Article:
The price of 70 cents per square foot seems a little low. I charge $4.00 per square foot but include the number of coats to get a good job, usually 2 or 3, using pre-cat lacquer. This would be for flat cabinet parts and doors, not house trim and such.
If I understand you correctly, you would charge $133.00 for a house passage-way door (2/6 x 6/8)? (16.63 sq ft per side x 2.) Do you make any distinction between panel and flush? How do your charge for jambs and jambs with pre-applied casing? I'm nowhere near that kind of money. For whatever it's worth we spray trim packages for home/remodel jobs in addition to our cabinetry. We do not spray cabinets for others.
You missed the part where I stated that this does not include house doors and/or trim parts. Also the price would include two sides or one side, no difference.
I'm trying to track the time and material for doors and jambs separately. For 6 panel doors, the last job took 1.35 hours per slab to sand, seal, sand and 2 topcoats, plus .17 gallon sealant and .25 gallon lacquer. My time got messed up on the jambs, but they were about $20 each, which includes time to disassemble and reassemble hardware.
How do you figure for finishing trim?
I've been at $.38/lf for base and casing to 4". I'm going to raise this a little. It's been a little while since I've been able to get an accurate time; but I'm thinking that I was about the same amount of time but for jamb and door. Where we haven't been doing so well is the disassembly and assembly. Again, I've been trying to get times but somebody usually forgets or combines a couple of operations and the validity/reliability flies out the window. Is anybody else willing to share their numbers?
I've been getting $.66/lf to sand, seal, sand and two top coats for mouldings. Most of the trim I do is 3-1/2 to 6" wide. Itís been awhile since I've kept track of the staining labor, but it's probably around $.20/lf for trim and mouldings. By the way, this is in Northern Indiana for high quality custom trim.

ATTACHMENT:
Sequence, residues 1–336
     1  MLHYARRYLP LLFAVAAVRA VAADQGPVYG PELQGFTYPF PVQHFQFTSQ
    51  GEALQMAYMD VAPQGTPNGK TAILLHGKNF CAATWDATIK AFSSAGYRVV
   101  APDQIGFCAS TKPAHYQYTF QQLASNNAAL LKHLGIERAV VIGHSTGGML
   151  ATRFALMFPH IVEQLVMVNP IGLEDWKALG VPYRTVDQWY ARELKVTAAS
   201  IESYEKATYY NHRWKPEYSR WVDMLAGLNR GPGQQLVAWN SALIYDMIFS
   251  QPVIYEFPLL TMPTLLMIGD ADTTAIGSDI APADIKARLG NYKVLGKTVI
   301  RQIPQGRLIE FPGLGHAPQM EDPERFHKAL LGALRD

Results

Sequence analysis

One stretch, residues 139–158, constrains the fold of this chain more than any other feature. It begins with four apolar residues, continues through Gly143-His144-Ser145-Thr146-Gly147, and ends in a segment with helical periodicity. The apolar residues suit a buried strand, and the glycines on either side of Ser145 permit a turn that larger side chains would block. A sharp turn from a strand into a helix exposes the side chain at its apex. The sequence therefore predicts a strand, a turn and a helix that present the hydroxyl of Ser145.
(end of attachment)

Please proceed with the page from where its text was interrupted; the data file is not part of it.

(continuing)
So far you have gotten answers on trim and entry doors. I think you are interested in kitchen cabinets or entertainment centers or bookcases. Is this correct? There are some instances where you can charge by the square foot, some where you can charge by the percentage of job, and some where you can charge by lf.
I came up with a standard measurement for kitchen cabinets. This standard can be applied on other work, like bookcases and entertainment centers with a little modification. Here's how I start: Your average height on a base cabinet (kitchen) is approx.36". Some are lower, but say between 33" and 36". That's one measurement. Then measure the width. Say that's 48' or 4'. I then multiply that footage by a factor. This factor is determined by the type of finish and what you want to charge for that type. Say it's a pigmented color--I would get $30 a foot for that job. So 4x30 is $120.That's the price for inside, all doors, trim, etc. Now say that the sides are finished. Then you would charge by square foot. That could be 3, 4 or 5 dollars a foot--your decision on this depends on type of finish and work involved to get the quality you want.